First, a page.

We do think the analogy to United/PMA is a little strained. Consolidation on the production end actually changes both food safety, because bigger companies have different procedures, etc., and it changes the traceability of a product. Whether associations are large or small affects nothing — except depending on the relative effectiveness of a consolidated entity vs. two entities.

Which is the real subject under discussion.

This issue of zero acceptance of risk strikes us as the crucial issue. It forces our representatives at trade associations into some kind of weird Kabuki like ballet with regulators in which nobody wants to admit the truth: We can discuss enhanced food safety efforts but crops are inherently vulnerable and total safety cannot be guaranteed.

To say we will do everything “humanly possible” to insure safety is meaningless because we can always do more.

If we are going to continue with field-grown crops, we have to move the regulators and society at large to a different perception of acceptable risk.

Rick Russo of Tanimura & Antle provided an interesting perspective:

Excellent commentary on the status of regulator’s positioning on food safety for the produce industry. When you mentioned the “analogy” to 9/11 and the uncertainty of air safety, it made me think. The commercial aviation industry operates under federal regulation with a permanent uncertainty of safety. In fact, the target rate of fatal incidents established by FAA is .018 per 100,000 departures. (link below)

http://www.faa.gov/about/plans_reports/Performance/ performancetargets/details/2041183F53565DDF.html

Based on your estimate of a trillion serving of lettuce and spinach over the last ten years, and a known fatality rate of 5, our industry’s fatality rate per 100,000 servings is .0005, or 360 times lower. Never mind the fact that FAA is measuring “incidents” vs. individual fatalities. Other than post-9/11, the FAA has never shut down the entire aviation industry after an incident. Even in the case of 9/11, flights were resumed in 48 hours. FDA took 18 days to ease their consumer warnings on eating spinach which, as you say, was an effective shutdown.

Anyhow, just wanted to say thanks for speaking up. Wish somehow we could get national press similar to yours.

Appreciate the kind words Rick, the Pundit is pretty thoroughly reviewed by many major media outlets and back at Pundit Central, we field calls almost every day from consumer media looking to understand the industry better — so we are having an impact not always fully appreciated. Kind of a little service we do to help the trade.

The link Rick gives us is excellent, and you should look at the charts. I’ll just excerpt a little copy regarding the way the Federal Aviation Administration (FAA) talks about safety:

The goal for the end of the fiscal year is a three-year rolling average of 0.018 fatal accidents per 100,000 departures. Through March of this year, the aviation industry has maintained a rate of 0.022 fatal accidents per 100,000 departures. There have been three fatal air carrier accidents this fiscal year. On December 8, 2005, a Southwest Airlines 737 overran a runway in Chicago (Midway). The aircraft then hit a car, killing a child inside. No passengers or crew were killed. The second, on December 15, 2005, was a twin-engine Grumman G-73T Turbine Mallard turboprop seaplane operated by Chalks International Airlines. The aircraft crashed into the water shortly after takeoff from Miami, Florida. Eighteen passengers and two crewmembers died on the flight. The third, on January 16, 2006, involved a mechanic ingested into the engine of a Continental Airlines jet. The FAA continues its work that has resulted in the almost continuous long-term reduction of the commercial air carrier fatal accident rate. We will make our FY 2006 goal of a rate no higher than 0.018 fatal accidents per 100,000 departures if we experience no more fatal accidents in FY 2006.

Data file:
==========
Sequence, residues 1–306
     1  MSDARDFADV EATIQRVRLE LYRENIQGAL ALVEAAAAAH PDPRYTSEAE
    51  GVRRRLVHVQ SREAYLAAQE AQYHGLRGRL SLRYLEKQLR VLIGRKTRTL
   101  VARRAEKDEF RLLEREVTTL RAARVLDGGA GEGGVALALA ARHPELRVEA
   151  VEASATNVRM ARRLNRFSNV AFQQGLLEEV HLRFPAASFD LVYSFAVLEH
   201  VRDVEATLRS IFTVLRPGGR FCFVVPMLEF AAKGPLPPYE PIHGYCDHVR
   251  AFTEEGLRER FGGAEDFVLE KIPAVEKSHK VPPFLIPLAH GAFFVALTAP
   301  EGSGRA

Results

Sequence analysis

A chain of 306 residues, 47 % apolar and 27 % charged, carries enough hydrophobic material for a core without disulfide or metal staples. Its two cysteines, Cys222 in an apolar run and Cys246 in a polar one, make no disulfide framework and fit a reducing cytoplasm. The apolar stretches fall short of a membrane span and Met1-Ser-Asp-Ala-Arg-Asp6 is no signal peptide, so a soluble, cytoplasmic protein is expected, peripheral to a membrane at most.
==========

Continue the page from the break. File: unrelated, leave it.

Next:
This presents a much more reasonable approach to risk than the absolutism of the FDA. They actually set a goal for the number of fatal incidents — .018 fatal accidents per 100,000 departures — and Rick is far more generous than the Pundit when he says “Never mind the fact that FAA is measuring ‘incidents’ vs. individual fatalities.” Remember that an “incident” might involve hundreds of fatalities. It is also a bit unclear from the material, but they may also exempt from their calculations acts of terrorism.

Still if the regulators on aviation can accept the idea of managing policy to reduce fatalities and consumers are willing to still fly planes, maybe the whole way we look at risk on field-grown crops needs to be reexamined.

It is hard to sustain a fiction, and it is a fiction that anything we do in food safety will produce 100% assurance of safety. Since this is true, the question is how do you build a regulatory framework that acknowledges this fact and how do you communicate to the consumer that though there are risks, they are infinitesimal?




Pundit’s Mailbag — Denny’s Weighs In
On Food Safety Effort

Our discussion of the Buyer-led Food Safety Effort brought forth this constructive contribution from Gene Harris, Senior Purchasing Manager at Denny’s:

A colleague recently reminded me not to get in a battle of print with someone who buys ink by the barrel… stated another way “don’t bring a knife to a gunfight”… In spite of that, I wanted to respond to your comments regarding the “Buyer-Led Food Safety Effort”.

I support the initiative and would have been listed along with my colleagues; however, I was not able to reply in time to meet the press release deadline. The food safety situation was discussed at length in San Diego in a variety of formats, from private conversations to town hall meetings and everything in between. Discussion is a good and necessary starting point, but it’s just that — a starting point. We feel it necessary to get the wheels in motion and get some action and commitment to reach some effective solutions. As buyers, we felt we could jumpstart the process. This was not done out of arrogance, but out of concern for a better approach and answer to our industry’s food safety problems.